Excuse Me While I Overthink This Post

For the last few years, I’ve participated in the Hoagies’ Gifted Education Page Blog Hops, but rarely is there a theme so relevant as this month’s topic of overthinking.

The problem is, there’s so much to say on the topic I don’t know where to begin. This got me thinking about how we think, especially as intense, gifted and/or excitable women.

Recently in my League of Excitable Women Facebook group we got into a discussion about linear vs. nonlinear thinking.

For nonlinear thinkers like myself, a description that appealed to me about the way our thinking works is like a spiral or DNA helix. It doesn’t stay on one thing, but keeps coming back to it, perhaps at a deeper level the next time.

Excuse Me While I Overthink This Post - Free retreat planner inside

Another member described their thinking as “logical non-linear” like reading a map:

“I feel like my thinking is more like viewing a map and seeing the possibilities – there’s the fast efficient way of getting there, there’s the scenic route (maybe longer but more fun), the escape route (wtf did I do and how do I get out of it?), and of course the 5 other routes that will get you there but have no real value to add. When I overthink it’s like spontaneously adding stops to a road trip, the whole map needs to be reviewed and routes need to change which causes me to rethink every other point on the map.”

A more linear thinker described it this way,  “I have a very linear brain. I examine a problem carefully, from all angles, looking at all the possibilities. I plan something from beginning to end and like order and stability (sometimes too much). I can get hung up on the details, figuring out how they all fit together into the whole, and lose track of the whole.”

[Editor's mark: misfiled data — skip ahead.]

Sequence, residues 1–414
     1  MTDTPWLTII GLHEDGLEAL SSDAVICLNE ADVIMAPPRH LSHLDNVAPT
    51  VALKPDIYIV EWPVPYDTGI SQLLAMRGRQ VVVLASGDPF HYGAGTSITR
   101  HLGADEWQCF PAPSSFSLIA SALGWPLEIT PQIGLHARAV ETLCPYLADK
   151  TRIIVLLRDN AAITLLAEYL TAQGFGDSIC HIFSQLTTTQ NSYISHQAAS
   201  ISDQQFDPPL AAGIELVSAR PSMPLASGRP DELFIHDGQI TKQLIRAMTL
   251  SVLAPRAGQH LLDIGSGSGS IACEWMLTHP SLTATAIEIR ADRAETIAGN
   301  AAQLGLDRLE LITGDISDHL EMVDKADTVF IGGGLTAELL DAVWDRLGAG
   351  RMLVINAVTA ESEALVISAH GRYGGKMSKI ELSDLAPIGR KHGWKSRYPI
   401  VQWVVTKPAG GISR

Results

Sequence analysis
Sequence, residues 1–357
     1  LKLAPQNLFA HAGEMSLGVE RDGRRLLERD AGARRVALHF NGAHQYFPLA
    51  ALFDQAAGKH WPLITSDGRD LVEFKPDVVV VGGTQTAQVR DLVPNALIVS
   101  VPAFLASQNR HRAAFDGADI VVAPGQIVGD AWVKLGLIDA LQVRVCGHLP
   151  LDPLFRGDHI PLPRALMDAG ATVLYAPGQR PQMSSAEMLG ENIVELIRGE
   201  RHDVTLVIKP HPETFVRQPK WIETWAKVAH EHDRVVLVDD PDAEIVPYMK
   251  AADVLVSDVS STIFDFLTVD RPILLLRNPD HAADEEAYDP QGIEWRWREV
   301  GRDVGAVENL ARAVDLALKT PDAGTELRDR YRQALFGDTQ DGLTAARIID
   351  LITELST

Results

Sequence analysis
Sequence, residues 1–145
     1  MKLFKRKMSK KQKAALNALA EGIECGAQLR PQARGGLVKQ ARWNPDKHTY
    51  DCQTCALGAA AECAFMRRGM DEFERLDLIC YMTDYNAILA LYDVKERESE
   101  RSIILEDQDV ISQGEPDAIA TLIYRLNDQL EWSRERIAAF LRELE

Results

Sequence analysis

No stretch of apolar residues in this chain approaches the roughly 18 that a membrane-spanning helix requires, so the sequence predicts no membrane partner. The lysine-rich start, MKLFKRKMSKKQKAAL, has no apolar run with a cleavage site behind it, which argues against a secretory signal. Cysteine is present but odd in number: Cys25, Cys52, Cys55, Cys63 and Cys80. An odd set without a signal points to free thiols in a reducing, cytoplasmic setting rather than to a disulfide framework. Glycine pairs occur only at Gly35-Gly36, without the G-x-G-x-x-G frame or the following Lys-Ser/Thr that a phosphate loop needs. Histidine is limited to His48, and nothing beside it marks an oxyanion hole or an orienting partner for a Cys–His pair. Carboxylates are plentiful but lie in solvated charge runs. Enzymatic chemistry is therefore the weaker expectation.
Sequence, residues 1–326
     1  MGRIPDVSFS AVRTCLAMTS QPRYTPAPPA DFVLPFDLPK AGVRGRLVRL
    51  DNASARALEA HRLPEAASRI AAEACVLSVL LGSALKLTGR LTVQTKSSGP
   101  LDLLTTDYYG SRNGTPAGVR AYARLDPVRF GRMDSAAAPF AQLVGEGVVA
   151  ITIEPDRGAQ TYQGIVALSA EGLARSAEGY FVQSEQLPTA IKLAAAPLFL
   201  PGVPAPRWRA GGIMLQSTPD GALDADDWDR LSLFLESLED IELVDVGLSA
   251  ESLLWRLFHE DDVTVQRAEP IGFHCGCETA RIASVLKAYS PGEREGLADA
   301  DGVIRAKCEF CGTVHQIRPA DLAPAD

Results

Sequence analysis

The common thread I see among most of the women I’ve worked with is the tendency to look at a problem from every possible angle. A more linear thinker might internally work out the most efficient route, but possibly get stuck on the details. A non-linear thinker might need external strucrures and supports in place to contain the inner chaos and move forward because there might not be one obvious beginning, middle and/or end.

Now I’d love to hear from you – would you describe yourself a a linear or non-linear thinker? What helps you get unstuck when you are caught in an overthinking loop?

This week I was inspired to create a short-term coaching offer called Focus Your Power to help you get clear on where to focus your energy, come up with a concrete plan of action to meet your goal and refine your plan for success. I’m offering the first 8 to sign up a discounted rate of $75. You can find out more here.

This post was written as a part of this month’s Hoagies’ Gifted Education Blog Hop on Overthinking. For more musings on my own overthinking and thoughts on what to do about it, you can listen to this week’s podcast – Overthink Much?

Comments (5)